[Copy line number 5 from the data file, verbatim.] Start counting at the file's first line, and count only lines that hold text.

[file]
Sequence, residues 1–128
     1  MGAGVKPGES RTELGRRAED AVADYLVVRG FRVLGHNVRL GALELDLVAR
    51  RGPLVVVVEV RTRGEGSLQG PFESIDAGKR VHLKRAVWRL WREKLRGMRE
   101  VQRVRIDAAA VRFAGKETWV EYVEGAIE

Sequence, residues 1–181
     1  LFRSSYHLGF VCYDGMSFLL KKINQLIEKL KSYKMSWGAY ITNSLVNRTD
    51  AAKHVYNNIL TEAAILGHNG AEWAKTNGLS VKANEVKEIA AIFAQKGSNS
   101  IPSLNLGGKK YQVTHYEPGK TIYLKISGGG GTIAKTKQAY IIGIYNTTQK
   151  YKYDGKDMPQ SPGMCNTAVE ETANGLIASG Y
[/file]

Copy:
Sequence, residues 1–181